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Preparing for Unexpected Interruptions

Unexpected interruptions, such as natural disasters, that halt or hinder operations may substantially impact your company's productivity and profitability. Taking the proper steps to prepare can help mitigate risk, reduce losses and ensure your company has the physical and financial capacity to rebound.

Comprehensive Insurance Coverage

Funnel cloud of cash in city

Insurance that insulates your company against the impacts of a natural disaster provides a solid foundation for your total risk management strategy. Be aware of the types of natural disasters you are most likely to encounter based on your location and industry, and then develop a comprehensive and customized insurance strategy that directly addresses the most prevalent threats.

Note that not all perils are inherently covered. For example, earthquakes and floods require separate policies. You also should talk with your insurance provider about Business Interruption or Business Income coverage that can help your company meet payroll during interruption and recovery.

Financing Recovery

Insurance may not cover every impacted aspect of your operations. Having a clear picture of your company’s finances is essential to building a financial buffer as part of a multipronged approach to risk.

Start by examining your current operating expenses, cash flow and liquidity levels. Look for opportunities to set up a “rainy day” fund that can provide, at minimum, the start of a safety net should disaster strike. To bolster those efforts, consider business savings products, such as an FNB FirstRate Business Savings or Money Market Account, that put your money to work for you without restricting access to funds.

When damages exceed insurance coverage and liquid savings, it may be necessary to pursue credit options. Your overall capital structure will factor into your borrowing capacity since the debt your business holds will determine the amount of credit you can access.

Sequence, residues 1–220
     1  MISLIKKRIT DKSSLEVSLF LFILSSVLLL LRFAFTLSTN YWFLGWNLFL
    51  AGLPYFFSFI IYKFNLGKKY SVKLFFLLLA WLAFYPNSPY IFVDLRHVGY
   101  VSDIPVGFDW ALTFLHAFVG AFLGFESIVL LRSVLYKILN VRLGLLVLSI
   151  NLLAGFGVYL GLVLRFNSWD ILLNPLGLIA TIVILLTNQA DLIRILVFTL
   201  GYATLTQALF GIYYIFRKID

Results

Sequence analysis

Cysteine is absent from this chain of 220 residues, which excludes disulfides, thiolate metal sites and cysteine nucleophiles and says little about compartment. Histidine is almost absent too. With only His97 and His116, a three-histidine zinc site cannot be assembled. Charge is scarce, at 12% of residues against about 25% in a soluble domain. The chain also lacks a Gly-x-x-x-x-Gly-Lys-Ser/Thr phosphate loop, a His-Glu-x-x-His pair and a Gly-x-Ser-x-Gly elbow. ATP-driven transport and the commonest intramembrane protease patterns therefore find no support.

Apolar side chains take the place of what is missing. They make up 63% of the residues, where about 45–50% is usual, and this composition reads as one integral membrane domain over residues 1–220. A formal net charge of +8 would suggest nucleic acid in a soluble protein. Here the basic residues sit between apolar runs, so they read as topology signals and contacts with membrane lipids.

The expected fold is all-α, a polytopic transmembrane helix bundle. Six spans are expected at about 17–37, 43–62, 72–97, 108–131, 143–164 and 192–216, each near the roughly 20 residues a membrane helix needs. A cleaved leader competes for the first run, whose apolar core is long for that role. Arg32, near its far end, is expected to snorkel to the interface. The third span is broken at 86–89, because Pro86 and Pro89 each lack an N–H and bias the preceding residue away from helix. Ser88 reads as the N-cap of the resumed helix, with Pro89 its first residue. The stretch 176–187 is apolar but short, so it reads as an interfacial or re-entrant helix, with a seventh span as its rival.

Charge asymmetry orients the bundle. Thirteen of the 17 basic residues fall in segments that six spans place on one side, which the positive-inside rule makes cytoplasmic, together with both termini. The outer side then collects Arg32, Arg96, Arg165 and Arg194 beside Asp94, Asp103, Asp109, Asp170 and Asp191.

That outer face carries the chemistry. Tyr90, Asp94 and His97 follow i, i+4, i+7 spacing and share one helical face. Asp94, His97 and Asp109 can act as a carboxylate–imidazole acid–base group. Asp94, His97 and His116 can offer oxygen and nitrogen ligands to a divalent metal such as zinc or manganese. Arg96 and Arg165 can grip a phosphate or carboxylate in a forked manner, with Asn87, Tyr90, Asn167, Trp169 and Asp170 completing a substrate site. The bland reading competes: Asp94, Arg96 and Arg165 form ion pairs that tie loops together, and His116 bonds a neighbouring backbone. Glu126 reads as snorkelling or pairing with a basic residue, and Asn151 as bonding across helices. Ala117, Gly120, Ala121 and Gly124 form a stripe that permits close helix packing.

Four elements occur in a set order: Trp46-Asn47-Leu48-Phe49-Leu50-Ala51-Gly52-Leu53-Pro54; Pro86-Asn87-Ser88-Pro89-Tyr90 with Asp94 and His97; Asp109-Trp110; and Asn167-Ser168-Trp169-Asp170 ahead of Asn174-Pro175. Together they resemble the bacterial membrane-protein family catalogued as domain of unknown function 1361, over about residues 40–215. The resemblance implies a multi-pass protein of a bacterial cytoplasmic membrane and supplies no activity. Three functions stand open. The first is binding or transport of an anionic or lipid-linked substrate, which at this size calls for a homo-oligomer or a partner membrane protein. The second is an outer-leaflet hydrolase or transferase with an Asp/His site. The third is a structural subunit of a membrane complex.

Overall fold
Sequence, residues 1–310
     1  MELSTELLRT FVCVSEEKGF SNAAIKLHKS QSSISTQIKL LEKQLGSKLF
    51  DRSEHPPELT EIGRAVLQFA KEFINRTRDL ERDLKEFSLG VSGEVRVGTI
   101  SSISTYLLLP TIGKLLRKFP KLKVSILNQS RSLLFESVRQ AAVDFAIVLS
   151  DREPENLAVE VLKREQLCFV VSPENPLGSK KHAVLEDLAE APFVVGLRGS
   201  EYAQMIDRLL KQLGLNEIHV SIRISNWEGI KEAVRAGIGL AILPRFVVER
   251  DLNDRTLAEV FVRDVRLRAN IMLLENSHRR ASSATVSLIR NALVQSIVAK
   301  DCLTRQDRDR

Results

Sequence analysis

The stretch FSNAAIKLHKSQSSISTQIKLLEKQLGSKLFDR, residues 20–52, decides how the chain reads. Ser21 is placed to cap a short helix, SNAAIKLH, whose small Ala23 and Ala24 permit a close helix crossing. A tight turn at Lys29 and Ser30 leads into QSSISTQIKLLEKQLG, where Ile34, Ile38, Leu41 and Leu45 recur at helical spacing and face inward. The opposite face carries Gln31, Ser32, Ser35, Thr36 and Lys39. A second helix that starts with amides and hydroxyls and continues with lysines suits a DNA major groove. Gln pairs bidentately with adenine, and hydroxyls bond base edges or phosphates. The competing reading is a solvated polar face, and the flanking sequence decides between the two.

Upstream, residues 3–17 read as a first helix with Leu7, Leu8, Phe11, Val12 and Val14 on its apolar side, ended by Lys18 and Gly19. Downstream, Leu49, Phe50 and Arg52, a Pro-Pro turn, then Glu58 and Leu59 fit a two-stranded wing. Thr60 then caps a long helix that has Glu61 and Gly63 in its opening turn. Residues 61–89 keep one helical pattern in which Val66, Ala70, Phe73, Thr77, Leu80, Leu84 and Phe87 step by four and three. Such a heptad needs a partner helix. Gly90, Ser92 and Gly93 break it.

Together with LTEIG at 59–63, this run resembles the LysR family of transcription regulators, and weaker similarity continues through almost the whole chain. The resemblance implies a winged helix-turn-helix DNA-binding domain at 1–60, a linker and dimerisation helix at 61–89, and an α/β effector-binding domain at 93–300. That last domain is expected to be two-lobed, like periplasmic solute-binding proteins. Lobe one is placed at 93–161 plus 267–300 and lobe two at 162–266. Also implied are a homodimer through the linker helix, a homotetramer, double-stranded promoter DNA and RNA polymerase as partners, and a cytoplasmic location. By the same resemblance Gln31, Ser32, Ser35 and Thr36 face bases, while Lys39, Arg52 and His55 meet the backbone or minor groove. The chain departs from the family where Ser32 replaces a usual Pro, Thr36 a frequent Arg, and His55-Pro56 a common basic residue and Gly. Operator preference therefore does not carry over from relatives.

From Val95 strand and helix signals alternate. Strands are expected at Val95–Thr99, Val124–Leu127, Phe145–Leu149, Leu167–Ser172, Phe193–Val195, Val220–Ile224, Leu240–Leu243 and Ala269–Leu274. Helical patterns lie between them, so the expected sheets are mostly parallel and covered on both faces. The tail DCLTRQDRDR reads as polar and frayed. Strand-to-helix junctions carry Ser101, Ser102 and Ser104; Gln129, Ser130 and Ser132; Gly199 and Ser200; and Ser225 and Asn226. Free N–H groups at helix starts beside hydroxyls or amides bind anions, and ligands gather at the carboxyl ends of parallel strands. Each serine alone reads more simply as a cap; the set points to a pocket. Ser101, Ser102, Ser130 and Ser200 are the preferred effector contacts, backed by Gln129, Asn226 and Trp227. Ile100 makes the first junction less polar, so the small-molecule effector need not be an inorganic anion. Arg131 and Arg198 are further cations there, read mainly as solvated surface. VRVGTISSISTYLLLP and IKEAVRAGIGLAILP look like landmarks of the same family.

As part of your overall business plan, remain cognizant of how your company uses debt as a financing strategy and realize that, in the event of a significant business interruption, having the ability to take on debt could be the difference between stabilizing your operations or experiencing long-term impacts.

Physical Operations

Preparing, refining and consistently reviewing a business continuity plan is critical. Your plan should address a wide range of topics, including potential threats, loss of electricity, employee safety, communications, points of contact and ongoing training.

Based on your company’s focus, the impact of a natural disaster on your physical operating space can vary. If your business is driven by manufacturing or production, for example, the implications are far greater. Even for companies that do or can operate with remote workers, a natural disaster can affect the homes and personal lives of your employees and create significant challenges that indirectly impact your operations.

Operation plans also apply to vendors and third-party partners, including your supply chain. If your usual supply chain could be impacted for an extended time, your plan should identify back-up suppliers from regions less likely to experience the same natural disaster.

The basis for being able to navigate, stabilize and recover from a disaster starts with a solid overall business plan that is developed by consulting with trusted advisors, like your banker.

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